Making Sense of Novelty and Obsession, in Autism (aka, Questioning the Circle)

Over the years I have tried to understand my son’s obsessive interests; to get insight to what motivates and interests him, and to find windows into his own world. In past posts I have expressed my efforts to see patterns of meaning and evolution in his interests; theorizing – for example – that it was “the circle” that intrigued him, as his interests shifted from spinning wheels, to clocks and time, and now indeed to an intense interest in the movement of the planets. I have shared the idea that perhaps it is the predictability of the circle – and of these manifestations of circularity (turning, time) – that draws him in, since that predictable circle movement perhaps appeals to his need for foreknowledge and order in a disordered world.

I did wonder if I was imposing my own overly convoluted conceptions (this idea of him being able to see time as linked to circles), over the top of his more simple attraction to these things; if perhaps I was over-thinking something that was really far more obvious and / or simple, in my effort to understand this different mind. My theory might get in the way of really understanding what was driving him and interesting him so much in these topics. So as much as possible I try to maintain an open mind while I observe and love this boy, whilst also actively trying to make sense of why he does what he does.

And so today, I was pleased to find myself challenged in my understanding of what might be driving my son, when I read a post called “How do people with ASD really feel about novelty,” by Emily at “Mosaic of Minds.” In that post, Emily shares some very interesting questions about how to reconcile movements between intense interests, with the common thought that autistic people shun novelty.

In the post she mentions the idea that types of interests evolve with growing intellectual maturity – say a movement from interest in an object to interest in a topic – which would make sense for my evolution-circle-theory I came up with for my son.

But what drives that choice to move from wheels to clocks to planets? Is it that he lost interest in the previous topics (as Emily says, “ASD people periodically change their special interests, adding new ones and dropping old ones.”) I don’t see it in this way, at least not for my boy. He still loves wheels and clocks while his planet obsession grows, he just spends more time actively asking about and interacting with the latest topic. He hasn’t dropped the old topics and moved on, per se.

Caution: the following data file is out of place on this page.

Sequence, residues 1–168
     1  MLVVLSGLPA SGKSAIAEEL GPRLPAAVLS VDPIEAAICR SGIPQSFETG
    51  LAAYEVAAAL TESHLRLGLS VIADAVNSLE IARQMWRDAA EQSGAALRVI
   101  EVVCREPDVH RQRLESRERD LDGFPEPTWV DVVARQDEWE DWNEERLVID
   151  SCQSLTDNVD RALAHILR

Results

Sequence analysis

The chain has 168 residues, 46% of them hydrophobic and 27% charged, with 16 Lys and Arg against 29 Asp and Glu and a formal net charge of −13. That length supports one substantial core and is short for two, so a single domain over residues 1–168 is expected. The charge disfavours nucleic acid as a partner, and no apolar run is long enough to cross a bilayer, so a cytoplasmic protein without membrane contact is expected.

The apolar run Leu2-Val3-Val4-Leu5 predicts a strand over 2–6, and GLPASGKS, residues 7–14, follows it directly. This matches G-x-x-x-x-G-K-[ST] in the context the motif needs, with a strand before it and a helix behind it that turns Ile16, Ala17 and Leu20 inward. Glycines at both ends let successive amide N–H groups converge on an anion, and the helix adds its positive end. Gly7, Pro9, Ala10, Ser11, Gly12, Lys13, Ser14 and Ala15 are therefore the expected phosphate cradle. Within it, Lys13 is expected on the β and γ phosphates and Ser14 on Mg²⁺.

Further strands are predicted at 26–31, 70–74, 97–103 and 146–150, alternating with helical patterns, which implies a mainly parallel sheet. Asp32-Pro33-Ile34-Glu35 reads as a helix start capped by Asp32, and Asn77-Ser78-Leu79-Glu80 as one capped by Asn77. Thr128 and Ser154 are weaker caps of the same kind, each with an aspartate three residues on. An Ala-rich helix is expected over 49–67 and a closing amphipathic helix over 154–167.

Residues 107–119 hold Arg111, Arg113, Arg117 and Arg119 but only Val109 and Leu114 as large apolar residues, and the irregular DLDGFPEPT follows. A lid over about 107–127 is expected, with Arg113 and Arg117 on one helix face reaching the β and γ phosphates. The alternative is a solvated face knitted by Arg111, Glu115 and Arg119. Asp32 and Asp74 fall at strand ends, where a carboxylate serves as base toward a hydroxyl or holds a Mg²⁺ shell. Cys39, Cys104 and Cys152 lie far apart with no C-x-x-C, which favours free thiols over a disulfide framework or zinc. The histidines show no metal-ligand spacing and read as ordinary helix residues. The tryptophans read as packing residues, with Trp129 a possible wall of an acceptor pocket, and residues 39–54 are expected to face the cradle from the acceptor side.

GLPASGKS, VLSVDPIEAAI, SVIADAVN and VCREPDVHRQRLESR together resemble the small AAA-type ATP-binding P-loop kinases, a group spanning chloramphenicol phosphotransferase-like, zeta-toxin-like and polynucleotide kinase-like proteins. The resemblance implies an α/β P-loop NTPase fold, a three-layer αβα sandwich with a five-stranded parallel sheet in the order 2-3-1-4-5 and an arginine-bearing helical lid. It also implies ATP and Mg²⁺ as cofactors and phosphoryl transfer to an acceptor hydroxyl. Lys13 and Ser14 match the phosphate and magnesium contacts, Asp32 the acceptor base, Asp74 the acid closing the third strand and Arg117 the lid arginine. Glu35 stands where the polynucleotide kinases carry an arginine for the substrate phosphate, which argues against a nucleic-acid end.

Of course this doesn’t mean other autistic children (and adults) don’t do exactly that: drop old topics and move on to unrelated new ones. But I would find it extremely interesting to see progression lists of intense interests. I know many autistic children start by obsessively spinning and collecting wheels. I also know there are strong stereotypes of older autistic children enjoying machinery and trains, which again, are variations on the wheel theme. Dinosaurs are an example Emily brings up, which would interrupt the pattern though.

Perhaps we need to ask at exactly what point the new obsessions (and I make no apology for using that word, obsessions is the word I want), come to the fore. Why it was that the “new” topic caught the eye and imagination. Is it a underappreciated desire for novelty that drives it, or is it really after-all just an expression – albeit an evolving one with intellectual maturity – of the need for predictability. To put it another way, is the movement itself between obsessions, merely just a modified expression of that need for sameness, rather than evidence of the contrary?

Obsessions are just one aspect – one reflection – of the autistic desire for predictability, certainty, and order. There are many other ways my son seeks out certainty in his everyday life, and he copes much better in his daily life when it runs to a strong routine and when it comes with advanced warning of any breaks from routine (don’t we all?) The way of course that his need for routine differs so much from joe-average, is that without it he can enter meltdown and have harmful anxiety reactions, and his ability to cope with change in general is significantly impaired compared to others.